The lateral trigger point in this muscle can produce lateral abdominal pain that mimics appendicitis if it's on the patient's right side. The mid trigger point(s) produce pelvic pain and testicular or vaginal pain.
Other symptoms include abdominal pressure or bloating, nausea, gall bladder attack, heartburn, and painful menstruation.
Secondary Trigger Points that Cause Abdominal Pain
Two other muscle groups can refer pain to the abdomen and the groin regions, though they are more famous for causing low back pain complaints. For this reason I consider them as secondary trigger point for abdominal pain complaints.
The first is the quadratus lumborum trigger points, which may extend their pain referral around the hip and into the pelvis and groin. The second is the lumbar multifidi trigger points that refer pain primarily to the lumbar spine itself, but can also refer pain to the lateral abdominal region. You can learn more about these trigger points by watching their videos.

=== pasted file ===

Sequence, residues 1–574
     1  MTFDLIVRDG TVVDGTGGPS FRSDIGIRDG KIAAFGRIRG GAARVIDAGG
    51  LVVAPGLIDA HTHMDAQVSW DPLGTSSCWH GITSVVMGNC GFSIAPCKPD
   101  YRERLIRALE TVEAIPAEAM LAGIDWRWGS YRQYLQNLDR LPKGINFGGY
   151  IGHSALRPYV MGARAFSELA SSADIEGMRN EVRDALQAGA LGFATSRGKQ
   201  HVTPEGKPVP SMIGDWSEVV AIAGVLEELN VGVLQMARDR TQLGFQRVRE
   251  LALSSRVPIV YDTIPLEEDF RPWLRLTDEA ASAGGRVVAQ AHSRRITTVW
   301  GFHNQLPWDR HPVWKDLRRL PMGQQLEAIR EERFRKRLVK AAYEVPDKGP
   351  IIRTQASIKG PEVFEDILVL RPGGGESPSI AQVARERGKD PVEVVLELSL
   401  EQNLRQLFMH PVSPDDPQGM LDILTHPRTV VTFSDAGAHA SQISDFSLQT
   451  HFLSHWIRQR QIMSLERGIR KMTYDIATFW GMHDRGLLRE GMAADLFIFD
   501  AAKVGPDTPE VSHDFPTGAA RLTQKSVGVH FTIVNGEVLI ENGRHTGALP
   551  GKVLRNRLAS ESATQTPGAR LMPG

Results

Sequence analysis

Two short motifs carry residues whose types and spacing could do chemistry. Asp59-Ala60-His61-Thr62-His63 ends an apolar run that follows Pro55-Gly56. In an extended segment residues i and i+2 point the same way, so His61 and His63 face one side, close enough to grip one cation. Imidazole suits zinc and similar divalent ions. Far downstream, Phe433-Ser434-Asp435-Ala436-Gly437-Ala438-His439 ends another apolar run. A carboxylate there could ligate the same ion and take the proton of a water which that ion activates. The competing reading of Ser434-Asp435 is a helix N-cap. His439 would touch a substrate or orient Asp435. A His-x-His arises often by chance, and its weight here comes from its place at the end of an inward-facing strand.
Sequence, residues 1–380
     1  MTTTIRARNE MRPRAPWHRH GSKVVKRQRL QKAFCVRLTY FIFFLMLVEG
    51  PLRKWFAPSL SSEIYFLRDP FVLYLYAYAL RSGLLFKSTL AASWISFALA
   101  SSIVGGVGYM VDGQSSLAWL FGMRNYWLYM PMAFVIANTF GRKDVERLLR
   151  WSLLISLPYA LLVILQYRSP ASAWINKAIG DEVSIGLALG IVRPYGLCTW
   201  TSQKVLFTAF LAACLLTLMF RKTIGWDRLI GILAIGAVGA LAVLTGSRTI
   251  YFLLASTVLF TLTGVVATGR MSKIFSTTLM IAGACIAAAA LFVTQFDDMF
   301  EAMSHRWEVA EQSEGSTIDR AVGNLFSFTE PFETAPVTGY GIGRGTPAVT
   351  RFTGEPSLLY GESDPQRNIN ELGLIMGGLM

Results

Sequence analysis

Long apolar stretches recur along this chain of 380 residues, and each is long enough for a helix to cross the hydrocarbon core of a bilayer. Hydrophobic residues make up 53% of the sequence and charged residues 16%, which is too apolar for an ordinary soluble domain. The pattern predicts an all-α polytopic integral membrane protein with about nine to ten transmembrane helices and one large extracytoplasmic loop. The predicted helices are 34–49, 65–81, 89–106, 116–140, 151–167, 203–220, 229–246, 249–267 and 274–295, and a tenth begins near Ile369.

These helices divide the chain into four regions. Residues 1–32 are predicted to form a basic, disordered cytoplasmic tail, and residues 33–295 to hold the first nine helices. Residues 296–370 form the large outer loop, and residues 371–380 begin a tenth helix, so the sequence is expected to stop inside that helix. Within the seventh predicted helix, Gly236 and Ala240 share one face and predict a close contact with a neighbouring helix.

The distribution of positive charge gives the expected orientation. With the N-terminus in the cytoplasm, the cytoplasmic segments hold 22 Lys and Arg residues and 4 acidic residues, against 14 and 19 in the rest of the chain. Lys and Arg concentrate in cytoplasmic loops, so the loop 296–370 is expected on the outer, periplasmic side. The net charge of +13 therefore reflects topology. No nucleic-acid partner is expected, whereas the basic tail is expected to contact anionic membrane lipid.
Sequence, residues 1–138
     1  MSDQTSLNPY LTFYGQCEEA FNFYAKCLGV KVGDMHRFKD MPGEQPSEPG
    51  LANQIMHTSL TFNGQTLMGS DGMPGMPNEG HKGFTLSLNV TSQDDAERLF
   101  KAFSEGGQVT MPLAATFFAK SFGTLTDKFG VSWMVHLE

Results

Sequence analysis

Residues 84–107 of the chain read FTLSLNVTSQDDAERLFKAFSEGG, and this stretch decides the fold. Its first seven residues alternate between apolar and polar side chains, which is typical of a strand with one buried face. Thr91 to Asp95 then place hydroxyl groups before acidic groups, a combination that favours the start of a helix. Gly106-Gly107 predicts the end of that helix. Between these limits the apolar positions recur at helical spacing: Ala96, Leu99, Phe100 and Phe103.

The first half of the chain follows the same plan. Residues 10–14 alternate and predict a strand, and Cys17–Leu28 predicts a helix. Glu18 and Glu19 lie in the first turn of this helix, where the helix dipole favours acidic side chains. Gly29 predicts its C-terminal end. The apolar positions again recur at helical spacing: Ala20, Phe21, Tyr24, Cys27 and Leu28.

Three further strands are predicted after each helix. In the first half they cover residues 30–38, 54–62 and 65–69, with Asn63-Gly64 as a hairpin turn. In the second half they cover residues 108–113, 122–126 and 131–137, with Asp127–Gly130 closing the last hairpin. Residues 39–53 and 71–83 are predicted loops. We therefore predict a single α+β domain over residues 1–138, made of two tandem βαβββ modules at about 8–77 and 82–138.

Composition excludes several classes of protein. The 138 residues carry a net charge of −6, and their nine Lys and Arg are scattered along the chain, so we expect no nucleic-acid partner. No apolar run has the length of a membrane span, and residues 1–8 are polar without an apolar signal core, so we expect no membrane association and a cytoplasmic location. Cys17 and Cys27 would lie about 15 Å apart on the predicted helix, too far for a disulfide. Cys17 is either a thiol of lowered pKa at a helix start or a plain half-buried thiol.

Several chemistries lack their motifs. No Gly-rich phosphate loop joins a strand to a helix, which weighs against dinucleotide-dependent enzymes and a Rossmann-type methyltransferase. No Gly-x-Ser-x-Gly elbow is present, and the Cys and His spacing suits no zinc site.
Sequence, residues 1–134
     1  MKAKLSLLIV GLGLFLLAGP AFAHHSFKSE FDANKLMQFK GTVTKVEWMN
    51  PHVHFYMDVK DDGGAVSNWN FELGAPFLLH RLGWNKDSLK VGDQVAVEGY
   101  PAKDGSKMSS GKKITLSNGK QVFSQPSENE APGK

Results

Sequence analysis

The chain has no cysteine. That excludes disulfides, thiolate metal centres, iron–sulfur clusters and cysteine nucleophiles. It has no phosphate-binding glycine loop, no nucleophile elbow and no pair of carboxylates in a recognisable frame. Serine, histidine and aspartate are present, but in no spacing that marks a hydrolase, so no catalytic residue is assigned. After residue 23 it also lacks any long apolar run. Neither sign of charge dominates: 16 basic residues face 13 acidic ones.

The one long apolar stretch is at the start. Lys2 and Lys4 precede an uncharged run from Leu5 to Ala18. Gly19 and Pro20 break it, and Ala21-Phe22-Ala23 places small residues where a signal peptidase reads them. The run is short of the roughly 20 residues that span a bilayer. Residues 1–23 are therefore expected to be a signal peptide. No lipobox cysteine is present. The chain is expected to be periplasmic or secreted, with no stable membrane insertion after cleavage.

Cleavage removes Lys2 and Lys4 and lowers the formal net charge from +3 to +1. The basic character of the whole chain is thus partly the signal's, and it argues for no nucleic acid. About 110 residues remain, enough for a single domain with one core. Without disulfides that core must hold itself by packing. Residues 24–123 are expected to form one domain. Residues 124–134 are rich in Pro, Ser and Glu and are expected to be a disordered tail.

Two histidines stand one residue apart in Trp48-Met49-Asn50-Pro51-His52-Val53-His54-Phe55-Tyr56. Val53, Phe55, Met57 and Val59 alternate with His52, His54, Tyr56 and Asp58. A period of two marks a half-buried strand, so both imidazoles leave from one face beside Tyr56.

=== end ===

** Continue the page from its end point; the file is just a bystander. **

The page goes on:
Related Instructional Videos from Dr. Perry
While the videos below were created to teach therapists how to locate and release these trigger points, many non-professionals have used them to learn these techniques successfully.
If you have a partner, a little time, you can use these videos to learn how to treat your own trigger points.
Related Articles from Dr. Perry
More extensive articles on these muscles and trigger points are available from Dr. Perry on our sister website TriggerPointTherapist.com. Click on the titles below to read them: